Broadband Policy, Market Competition, and User Adoption in Taiwan

Broadband Policy, Market Competition, and User Adoption in Taiwan

Yu-li Liu (National Chengchi University, Taiwan)
DOI: 10.4018/978-1-59904-851-2.ch004
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Abstract

Taiwan has been making great efforts to promote the fulfillment of its National Information Infrastructure (NII), with broadband network technology and its application having rapidly developed in recent years. In relation to the two major forms of broadband network technology, cable modem and ADSL, two multiple system operators—namely, Eastern Multimedia Company and China Network System—provide broadband network via cable modem, and HiNet and Seednet are the major ADSL service providers. Three new fixed networks have offered ADSL services as well since they began their operations. There are 5.25 million households (HHs), or 72.11% of the household population in Taiwan, using the Internet, and 4.74 million households, or 65.05% of the HH population, using broadband (TWNIC, 2006). This chapter analyzes the broadband adoption, the competition among providers of broadband, and relevant policies in Taiwan. The research methods adopted include literature reviews, in-depth interviews, and secondary analysis of previous surveys conducted by TWNIC. Since Taiwan’s broadband penetration is the fifth highest in the world, the discussions of the major factors contributing to broadband deployment in this chapter might provide some experiences from which other countries can learn.

Key Terms in this Chapter

Cable Modem: Modem used to provide high-speed Internet with a cable distribution system.

ISP: Internet service provider.

Unbundling: The separation of all the components offered by the telecommunications operators so that the tariff for each component is transparent.

Taiwan Network Information Center (TWNIC): Oversees domain name registration and IP address allocation in Taiwan. TWNIC collaborates with international network information organizations such as ICANN and APNIC, as well as other national Internet organizations such as JPNIC, CNNIC, and KRNIC.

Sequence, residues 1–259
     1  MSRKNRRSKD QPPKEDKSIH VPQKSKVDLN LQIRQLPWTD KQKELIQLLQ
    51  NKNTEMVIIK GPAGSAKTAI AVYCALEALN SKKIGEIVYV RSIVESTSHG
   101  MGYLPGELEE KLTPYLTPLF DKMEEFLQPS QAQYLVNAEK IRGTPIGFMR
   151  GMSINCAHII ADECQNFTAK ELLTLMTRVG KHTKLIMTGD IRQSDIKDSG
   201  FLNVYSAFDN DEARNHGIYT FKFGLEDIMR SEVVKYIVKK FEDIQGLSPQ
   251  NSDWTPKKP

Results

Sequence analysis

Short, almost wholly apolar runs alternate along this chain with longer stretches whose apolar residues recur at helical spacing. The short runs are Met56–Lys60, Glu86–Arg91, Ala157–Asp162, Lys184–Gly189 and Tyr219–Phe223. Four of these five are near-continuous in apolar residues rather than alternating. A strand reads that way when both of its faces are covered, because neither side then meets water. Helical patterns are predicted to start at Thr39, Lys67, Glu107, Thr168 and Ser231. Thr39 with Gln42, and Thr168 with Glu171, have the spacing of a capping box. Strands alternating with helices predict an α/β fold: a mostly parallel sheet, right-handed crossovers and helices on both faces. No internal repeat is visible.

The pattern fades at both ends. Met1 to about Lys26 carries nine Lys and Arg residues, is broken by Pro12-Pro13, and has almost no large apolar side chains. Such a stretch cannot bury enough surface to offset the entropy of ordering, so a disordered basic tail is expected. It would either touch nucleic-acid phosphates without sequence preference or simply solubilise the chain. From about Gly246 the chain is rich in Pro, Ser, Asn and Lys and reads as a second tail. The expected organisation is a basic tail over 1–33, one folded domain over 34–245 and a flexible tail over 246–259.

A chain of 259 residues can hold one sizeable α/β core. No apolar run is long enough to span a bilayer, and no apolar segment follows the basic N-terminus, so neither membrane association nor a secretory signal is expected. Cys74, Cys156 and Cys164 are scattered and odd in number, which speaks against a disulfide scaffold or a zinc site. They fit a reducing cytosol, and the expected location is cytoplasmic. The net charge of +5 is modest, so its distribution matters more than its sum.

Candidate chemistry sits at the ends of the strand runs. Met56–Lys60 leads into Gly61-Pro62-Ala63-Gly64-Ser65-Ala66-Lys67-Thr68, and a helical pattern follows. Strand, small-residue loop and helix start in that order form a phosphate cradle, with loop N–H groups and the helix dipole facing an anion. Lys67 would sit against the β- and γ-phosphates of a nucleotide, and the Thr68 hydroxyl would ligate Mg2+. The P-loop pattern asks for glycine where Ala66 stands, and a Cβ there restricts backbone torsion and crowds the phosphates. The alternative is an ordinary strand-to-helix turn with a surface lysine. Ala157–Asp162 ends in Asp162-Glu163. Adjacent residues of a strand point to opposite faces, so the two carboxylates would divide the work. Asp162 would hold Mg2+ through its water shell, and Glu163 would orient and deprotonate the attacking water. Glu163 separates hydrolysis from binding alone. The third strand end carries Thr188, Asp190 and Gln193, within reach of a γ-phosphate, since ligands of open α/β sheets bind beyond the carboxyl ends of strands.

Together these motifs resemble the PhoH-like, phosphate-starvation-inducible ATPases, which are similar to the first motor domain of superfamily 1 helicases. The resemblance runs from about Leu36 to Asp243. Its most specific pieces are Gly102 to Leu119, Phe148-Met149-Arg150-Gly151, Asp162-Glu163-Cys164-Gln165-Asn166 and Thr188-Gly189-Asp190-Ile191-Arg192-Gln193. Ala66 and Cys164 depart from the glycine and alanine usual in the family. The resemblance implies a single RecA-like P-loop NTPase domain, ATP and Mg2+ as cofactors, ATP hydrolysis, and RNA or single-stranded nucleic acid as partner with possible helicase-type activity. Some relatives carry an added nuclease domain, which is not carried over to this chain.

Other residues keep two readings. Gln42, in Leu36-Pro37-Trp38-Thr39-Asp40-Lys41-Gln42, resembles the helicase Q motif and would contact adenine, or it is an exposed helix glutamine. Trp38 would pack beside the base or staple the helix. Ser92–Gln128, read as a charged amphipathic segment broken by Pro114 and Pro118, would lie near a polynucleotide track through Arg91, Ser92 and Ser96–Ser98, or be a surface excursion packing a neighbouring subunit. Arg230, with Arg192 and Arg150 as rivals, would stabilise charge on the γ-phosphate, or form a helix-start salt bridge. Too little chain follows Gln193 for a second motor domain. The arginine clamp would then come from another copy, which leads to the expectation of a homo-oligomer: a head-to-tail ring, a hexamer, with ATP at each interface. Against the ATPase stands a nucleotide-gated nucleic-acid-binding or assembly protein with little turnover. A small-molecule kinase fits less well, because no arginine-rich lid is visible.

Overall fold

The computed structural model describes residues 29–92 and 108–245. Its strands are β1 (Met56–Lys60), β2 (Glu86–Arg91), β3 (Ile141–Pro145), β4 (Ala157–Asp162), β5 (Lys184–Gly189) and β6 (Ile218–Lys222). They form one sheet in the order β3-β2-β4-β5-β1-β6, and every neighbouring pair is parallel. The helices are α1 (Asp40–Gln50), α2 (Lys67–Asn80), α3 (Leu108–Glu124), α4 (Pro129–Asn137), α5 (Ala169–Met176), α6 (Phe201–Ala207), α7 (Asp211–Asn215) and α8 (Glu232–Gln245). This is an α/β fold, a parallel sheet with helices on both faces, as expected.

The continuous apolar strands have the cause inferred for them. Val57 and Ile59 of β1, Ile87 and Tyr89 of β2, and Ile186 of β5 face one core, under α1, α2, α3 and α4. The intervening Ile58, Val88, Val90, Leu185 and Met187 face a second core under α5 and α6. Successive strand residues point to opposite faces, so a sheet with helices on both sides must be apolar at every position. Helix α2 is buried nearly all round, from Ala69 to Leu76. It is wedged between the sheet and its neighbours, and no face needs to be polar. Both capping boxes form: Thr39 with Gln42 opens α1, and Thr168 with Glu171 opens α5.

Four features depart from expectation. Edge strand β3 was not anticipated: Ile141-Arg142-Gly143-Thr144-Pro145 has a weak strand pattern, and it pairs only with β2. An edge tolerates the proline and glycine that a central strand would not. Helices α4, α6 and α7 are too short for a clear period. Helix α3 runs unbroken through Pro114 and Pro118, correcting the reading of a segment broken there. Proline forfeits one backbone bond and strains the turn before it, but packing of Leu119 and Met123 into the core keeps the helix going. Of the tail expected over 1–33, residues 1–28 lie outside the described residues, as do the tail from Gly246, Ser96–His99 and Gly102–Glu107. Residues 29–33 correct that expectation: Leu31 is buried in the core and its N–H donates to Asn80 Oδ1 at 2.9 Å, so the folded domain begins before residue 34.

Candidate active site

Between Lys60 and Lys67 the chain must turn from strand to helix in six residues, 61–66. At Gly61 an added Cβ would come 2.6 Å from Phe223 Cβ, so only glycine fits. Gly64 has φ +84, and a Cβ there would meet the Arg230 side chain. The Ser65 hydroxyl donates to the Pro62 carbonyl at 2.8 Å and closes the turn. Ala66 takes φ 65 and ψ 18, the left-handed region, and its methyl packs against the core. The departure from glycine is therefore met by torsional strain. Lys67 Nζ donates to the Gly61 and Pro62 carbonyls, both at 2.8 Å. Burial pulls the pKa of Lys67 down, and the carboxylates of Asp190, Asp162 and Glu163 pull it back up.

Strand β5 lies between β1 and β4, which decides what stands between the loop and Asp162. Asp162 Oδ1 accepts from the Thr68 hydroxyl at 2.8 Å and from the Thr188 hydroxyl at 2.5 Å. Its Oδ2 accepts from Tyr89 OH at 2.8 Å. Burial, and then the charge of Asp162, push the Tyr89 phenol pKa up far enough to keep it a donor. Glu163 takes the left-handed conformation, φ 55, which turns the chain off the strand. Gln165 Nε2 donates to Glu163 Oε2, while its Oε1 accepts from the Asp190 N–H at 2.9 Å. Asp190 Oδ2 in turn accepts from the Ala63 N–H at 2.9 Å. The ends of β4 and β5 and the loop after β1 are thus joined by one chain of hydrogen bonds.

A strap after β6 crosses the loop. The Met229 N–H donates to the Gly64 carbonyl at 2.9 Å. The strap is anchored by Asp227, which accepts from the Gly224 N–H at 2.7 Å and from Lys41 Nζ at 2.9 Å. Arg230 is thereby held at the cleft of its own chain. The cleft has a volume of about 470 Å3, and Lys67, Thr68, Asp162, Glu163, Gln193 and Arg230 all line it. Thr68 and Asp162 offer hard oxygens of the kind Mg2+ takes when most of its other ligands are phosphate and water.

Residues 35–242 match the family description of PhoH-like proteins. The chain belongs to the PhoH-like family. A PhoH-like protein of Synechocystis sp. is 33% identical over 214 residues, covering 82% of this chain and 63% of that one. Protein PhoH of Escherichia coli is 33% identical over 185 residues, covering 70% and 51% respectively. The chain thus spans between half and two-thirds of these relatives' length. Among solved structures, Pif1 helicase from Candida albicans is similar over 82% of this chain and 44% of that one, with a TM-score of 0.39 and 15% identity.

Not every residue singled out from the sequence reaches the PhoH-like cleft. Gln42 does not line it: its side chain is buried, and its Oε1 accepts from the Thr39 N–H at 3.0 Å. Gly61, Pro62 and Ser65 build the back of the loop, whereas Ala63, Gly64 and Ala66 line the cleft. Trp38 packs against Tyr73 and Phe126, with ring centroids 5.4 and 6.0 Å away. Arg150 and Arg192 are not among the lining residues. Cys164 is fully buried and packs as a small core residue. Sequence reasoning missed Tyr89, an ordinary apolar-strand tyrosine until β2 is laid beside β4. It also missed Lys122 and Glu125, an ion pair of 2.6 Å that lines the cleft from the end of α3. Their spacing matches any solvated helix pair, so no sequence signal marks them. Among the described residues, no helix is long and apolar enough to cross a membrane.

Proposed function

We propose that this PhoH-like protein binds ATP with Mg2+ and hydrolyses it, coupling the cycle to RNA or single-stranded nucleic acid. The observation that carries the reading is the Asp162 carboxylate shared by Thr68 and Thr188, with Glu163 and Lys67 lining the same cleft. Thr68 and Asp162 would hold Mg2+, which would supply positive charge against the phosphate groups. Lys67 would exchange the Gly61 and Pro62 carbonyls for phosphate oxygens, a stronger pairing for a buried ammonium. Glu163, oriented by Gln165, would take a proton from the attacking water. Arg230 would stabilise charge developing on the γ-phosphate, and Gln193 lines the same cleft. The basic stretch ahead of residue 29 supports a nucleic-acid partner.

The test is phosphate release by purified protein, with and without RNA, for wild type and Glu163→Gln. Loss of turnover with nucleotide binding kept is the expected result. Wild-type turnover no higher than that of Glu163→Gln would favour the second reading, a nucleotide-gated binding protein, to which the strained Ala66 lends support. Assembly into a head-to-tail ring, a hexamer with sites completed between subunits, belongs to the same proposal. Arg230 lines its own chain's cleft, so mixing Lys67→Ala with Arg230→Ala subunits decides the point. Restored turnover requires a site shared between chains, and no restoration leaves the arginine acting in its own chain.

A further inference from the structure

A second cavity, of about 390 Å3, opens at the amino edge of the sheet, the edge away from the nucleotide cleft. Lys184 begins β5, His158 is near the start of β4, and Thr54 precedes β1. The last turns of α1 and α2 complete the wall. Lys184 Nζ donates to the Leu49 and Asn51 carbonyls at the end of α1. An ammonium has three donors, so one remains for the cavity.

National Communications Commission (NCC): A converged government agency regulating telecommunications and electronic media. It is also an independent government agency established in February 2006.

Last mile: Also known as local loop. It is the telephone line that runs from the local telephone company to the user’s premise.

Challenge 2008: The government of Taiwan in May 2002 launched the Challenge 2008 National Development Plan, which emphasizes such goals as strengthening international competitiveness, upgrading the people’s quality of life, and promoting sustainable development.

Chunghwa Telecom: The incumbent fixed networks in Taiwan.

Leased Line: Also known as private or dedicated lines. It can be used to transmit voice, data, or video. Companies that rent leased lines pay a monthly fee for the leased lines that are exclusive to the companies that lease them.

National Information and Communications Initiative Committee (NICI): A cabinet-level committee that is responsible for accelerating the development of the IT industry.

M-Taiwan: A key initiative to transform Taiwan into a ‘ubiquitous network society’ in which the public can feel the benefits of ‘e-enablement’.

LAN: Local area network. A group of devices that can communicate with each other within a limited area.

ADSL: Asymmetrical digital subscriber line.

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